“I just try to be myself,” Aho said when asked during exit interviews about taking on more of a leadership role. “It’s not like I think ‘now I have to lead,’ or anything like that. I just want to be the guy who leads by example and everyone can watch and kind of follow. Obviously, you have to earn trust from your teammates and stuff like that, so I just try to be myself every day and work as hard as I can and be as good of a player as I can. I think that’s going to be my way to lead.”

Despite being the third youngest member of this season’s starting roster, Aho is still the fourth longest tenured part of the Canes’ core and as such has maybe felt that he needed to mature a bit faster.

The consistency he has achieved only further proves that.

It has been pretty easy to forget just how young he is when you think of how long he’s been around and how much of the weight he carries as the 1C.

The maturity he shows not just on the ice, but in the way he carries himself and the way he talks in interviews, shows just how much he’s grown in his short time in the league. But what has never changed is that competitive spark.

“What I love about [Aho] is that he wants to win,” Brind’Amour said. “It’s all about winning the Stanley Cup. That’s it. I think every time you take one on the chin, I think it molds you for the next time. It toughens you up, and it’s part of the process. You don’t want to have it, I went through a ton of times. You’ve got to just keep sticking with it. I know he will.”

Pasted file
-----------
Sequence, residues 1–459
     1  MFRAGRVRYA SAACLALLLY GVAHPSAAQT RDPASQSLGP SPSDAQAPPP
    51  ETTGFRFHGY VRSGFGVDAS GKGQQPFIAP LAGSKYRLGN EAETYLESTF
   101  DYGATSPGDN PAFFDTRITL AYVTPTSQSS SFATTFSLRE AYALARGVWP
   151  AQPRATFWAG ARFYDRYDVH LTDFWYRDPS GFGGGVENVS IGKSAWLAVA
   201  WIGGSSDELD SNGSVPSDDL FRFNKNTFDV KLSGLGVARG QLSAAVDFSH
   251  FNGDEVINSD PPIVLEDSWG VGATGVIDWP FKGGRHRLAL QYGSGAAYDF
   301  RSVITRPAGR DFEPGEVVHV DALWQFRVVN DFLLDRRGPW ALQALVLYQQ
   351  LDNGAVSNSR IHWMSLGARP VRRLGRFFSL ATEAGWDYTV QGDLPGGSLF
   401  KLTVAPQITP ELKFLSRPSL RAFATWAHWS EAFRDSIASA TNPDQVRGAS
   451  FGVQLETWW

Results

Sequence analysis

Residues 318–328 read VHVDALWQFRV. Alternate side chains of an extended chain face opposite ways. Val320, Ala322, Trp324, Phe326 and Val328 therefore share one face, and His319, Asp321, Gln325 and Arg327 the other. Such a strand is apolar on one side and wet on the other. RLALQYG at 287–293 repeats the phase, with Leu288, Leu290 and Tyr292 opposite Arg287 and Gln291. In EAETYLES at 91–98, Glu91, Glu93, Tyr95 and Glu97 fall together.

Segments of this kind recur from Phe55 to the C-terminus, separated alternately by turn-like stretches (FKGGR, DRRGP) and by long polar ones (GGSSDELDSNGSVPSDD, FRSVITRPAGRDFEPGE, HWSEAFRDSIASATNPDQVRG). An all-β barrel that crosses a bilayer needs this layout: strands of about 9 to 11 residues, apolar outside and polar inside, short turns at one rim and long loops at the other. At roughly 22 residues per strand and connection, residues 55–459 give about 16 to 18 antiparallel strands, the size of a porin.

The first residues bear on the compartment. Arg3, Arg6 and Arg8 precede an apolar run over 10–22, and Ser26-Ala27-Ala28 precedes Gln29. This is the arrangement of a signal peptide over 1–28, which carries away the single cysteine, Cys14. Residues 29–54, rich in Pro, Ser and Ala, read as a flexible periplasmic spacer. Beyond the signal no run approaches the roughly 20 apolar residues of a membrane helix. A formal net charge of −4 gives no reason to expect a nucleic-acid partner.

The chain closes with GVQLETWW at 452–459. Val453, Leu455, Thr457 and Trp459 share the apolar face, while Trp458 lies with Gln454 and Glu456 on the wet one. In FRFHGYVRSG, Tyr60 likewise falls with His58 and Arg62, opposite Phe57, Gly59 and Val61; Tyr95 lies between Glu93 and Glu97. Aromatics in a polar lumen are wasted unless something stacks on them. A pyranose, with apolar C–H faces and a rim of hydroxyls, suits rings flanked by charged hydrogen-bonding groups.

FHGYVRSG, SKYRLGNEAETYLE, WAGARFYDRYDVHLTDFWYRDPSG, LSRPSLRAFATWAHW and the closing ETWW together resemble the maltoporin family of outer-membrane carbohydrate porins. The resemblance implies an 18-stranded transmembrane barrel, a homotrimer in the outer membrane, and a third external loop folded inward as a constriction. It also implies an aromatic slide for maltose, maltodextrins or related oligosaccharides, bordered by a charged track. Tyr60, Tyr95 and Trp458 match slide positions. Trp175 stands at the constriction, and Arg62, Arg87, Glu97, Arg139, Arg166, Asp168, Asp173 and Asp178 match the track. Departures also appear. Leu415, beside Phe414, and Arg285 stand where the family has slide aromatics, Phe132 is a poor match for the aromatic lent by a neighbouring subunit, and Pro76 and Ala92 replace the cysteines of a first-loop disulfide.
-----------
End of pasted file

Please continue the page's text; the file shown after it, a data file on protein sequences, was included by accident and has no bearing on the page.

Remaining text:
The Canes have had a lot of lead by example players over the years and Aho would fit that same mold. It wouldn’t be a forced role either, as Aho himself has stated that the transition has felt organic to him.

“It’s more up to me,” Aho said. “Every year, you want to get better in many ways and be a leader of the time, and take steps forward to help the team win more. I think it’s more natural as years go by and you get more experience. You earn that trust from your teammates and the coaching staff. I’d say it’s more of a natural thing than anyone saying you have to do this or this.”

With some free agency questions still up in the air in terms of who will be back with the Hurricanes for the 2021-22 season, there may be an opening for a new alternate captain and it seems like Aho is ready to fill that role and take the next step with the organization.